Tori Holmes has recently published a new article on the Brazilian webdocumentary project Domínio Público, which portrays urban transformations in Rio de Janeiro in the run-up to the city’s hosting of the 2014 World Cup and 2016 Olympic Games, with a particular focus on the impact in Rio’s favelas.
The article, with the title ‘Giving visibility to urban change in Rio de Janeiro through digital audio-visual culture: A Brazilian webdocumentary project and its circulation’, appears in the Journal of Urban Cultural Studies, as part of a special issue on ‘Cities in the Luso-Hispanic World‘. JUCS is a relatively new journal, which offers a platform for interdisciplinary scholarship on the culture(s) of cities.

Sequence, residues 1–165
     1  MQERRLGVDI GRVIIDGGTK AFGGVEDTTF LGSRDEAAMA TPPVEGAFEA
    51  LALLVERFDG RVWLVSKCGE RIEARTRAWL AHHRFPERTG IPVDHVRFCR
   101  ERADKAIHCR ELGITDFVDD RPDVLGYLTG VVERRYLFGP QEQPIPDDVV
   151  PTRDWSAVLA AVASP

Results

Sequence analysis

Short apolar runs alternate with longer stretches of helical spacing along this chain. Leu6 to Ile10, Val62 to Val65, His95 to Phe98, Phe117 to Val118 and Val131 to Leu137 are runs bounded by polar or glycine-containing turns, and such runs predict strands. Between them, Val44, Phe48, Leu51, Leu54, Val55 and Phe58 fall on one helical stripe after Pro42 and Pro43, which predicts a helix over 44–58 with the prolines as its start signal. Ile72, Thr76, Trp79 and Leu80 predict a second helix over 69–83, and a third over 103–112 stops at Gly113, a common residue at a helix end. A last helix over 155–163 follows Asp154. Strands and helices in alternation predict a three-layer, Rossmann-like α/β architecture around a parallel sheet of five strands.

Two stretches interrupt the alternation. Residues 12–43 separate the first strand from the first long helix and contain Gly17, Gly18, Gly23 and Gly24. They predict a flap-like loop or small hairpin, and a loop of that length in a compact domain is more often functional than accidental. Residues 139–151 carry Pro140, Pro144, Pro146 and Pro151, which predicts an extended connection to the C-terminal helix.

Tori’s article (full abstract here) argues that Domínio Público can be understood as a snapshot of a key moment in the recent history of Rio de Janeiro and of Brazil, which intertwines Rio’s urban transformations with digital audio-visual culture. The article shows how circulation and visibility were embedded in the project from the outset, and became an intrinsic part of its critical narrative on urban transformations.